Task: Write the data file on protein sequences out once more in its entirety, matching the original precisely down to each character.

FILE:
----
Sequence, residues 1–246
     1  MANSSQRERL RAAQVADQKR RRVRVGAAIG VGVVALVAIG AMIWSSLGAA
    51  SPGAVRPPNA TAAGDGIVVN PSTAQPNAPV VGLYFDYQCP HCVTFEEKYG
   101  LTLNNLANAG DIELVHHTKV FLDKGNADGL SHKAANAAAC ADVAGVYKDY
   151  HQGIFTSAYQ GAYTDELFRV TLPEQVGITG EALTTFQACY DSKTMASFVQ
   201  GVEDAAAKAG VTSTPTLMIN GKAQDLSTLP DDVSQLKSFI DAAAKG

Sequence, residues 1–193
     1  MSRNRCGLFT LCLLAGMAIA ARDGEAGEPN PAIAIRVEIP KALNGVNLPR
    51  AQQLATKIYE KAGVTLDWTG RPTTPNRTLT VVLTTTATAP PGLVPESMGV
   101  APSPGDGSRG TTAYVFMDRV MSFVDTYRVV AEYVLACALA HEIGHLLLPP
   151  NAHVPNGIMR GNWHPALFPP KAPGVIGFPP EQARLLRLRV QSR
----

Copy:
Sequence, residues 1–246
     1  MANSSQRERL RAAQVADQKR RRVRVGAAIG VGVVALVAIG AMIWSSLGAA
    51  SPGAVRPPNA TAAGDGIVVN PSTAQPNAPV VGLYFDYQCP HCVTFEEKYG
   101  LTLNNLANAG DIELVHHTKV FLDKGNADGL SHKAANAAAC ADVAGVYKDY
   151  HQGIFTSAYQ GAYTDELFRV TLPEQVGITG EALTTFQACY DSKTMASFVQ
   201  GVEDAAAKAG VTSTPTLMIN GKAQDLSTLP DDVSQLKSFI DAAAKG

Sequence, residues 1–193
     1  MSRNRCGLFT LCLLAGMAIA ARDGEAGEPN PAIAIRVEIP KALNGVNLPR
    51  AQQLATKIYE KAGVTLDWTG RPTTPNRTLT VVLTTTATAP PGLVPESMGV
   101  APSPGDGSRG TTAYVFMDRV MSFVDTYRVV AEYVLACALA HEIGHLLLPP
   151  NAHVPNGIMR GNWHPALFPP KAPGVIGFPP EQARLLRLRV QSR